Counselors draw on a repertoire of approximately 150 activities featuring a range of cooperative tag games, challenge courses, games that feature physical contact, bombardment, adapted traditional sports, and problem-solving activities. Many activities emphasize an age-appropriate fantasy or story, most of which have been created in-house. These not only make the activities considerably more enticing,
but also help the children to address some of their own conflicts and issues through their involvement and investment in the stories.
Development of Positive Relationships
In addressing childrens’ self-esteem, counselors rely upon the development and sustenance of close relationships and the creation of a group environment characterized by high levels of concrete success in both physical and social arenas. The therapeutic relationship used at Academy MetroWest is created using the same principles as those found in most types of psychotherapeutic interactions. While counselors spend a significant amount of time setting limits with children and offering feedback about behavior, this information is always offered within a context of unconditional positive regard. Counselors try to convey a message that suggests “I want the other kids to see you as the great kid that I know you are. In order for them to be able to do that, you may want to think about making the following choice.” Offering this type of message gives children the information they may need to make positive behavior changes, but it does so in a context of acceptance, safety, and security. Children know that their behavior will be addressed, but they are also aware that to be accepted and valued by their counselors, they need only be themselves. Self -esteem can be improved if children can internalize the acceptance and regard received from their counselors.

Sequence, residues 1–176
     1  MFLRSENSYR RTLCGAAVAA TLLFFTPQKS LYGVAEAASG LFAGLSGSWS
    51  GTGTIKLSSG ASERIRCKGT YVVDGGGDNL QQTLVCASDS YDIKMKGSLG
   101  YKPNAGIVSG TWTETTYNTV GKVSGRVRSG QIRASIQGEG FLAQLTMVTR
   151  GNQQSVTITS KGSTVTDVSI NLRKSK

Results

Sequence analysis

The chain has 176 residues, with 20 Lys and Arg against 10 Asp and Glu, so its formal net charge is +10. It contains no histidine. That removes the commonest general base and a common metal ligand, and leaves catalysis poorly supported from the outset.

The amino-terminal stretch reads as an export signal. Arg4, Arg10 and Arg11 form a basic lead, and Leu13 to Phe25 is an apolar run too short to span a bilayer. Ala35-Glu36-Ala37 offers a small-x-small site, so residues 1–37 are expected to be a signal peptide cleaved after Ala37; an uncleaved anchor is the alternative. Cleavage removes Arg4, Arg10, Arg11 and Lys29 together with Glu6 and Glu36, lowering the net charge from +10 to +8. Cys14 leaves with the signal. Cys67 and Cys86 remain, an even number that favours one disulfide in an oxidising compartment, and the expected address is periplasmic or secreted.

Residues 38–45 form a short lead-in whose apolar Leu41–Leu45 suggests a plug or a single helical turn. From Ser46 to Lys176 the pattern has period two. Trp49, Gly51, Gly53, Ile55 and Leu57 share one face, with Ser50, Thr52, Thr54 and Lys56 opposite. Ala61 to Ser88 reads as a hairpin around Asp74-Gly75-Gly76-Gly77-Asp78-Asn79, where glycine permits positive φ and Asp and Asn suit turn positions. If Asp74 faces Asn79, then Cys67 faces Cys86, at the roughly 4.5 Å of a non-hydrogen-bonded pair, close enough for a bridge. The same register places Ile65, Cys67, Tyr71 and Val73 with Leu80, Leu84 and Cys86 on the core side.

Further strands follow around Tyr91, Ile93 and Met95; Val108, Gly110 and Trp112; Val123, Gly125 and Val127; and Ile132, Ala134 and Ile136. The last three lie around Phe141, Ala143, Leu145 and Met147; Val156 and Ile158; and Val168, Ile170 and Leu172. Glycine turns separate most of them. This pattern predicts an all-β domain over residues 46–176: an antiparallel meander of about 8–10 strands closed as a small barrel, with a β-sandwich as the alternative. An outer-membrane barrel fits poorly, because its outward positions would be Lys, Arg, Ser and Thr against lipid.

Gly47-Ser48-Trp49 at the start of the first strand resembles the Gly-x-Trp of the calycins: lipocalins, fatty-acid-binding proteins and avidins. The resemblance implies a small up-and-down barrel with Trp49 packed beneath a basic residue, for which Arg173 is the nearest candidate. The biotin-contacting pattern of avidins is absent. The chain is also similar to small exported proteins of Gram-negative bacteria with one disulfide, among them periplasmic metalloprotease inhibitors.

Most children seen at Academy MetroWest fall between the ages of 6 and 12. During these latency years, one of the most important tasks is to develop a sense of competence. To facilitate this process, counselors attempt to create situations in which the level of concrete success each child can obtain is maximized. Many children with ADHD confront a steady stream of frustrations and challenges during the week. The challenges they encounter in family, educational, social or recreational settings may deeply affect the manner in which they come to view themselves. In structuring groups to maximize success, counselors attempt to disrupt the cycle of repeated failures that many of these children experience. Their success in a group is based on their level of effort and participation rather than on their athletic prowess. Children can become “heroes” in their group by keeping the needs of others in mind. Counselors place a premium on emphasizing a child’s strengths rather than shortcomings.
Factors Addressing ADHD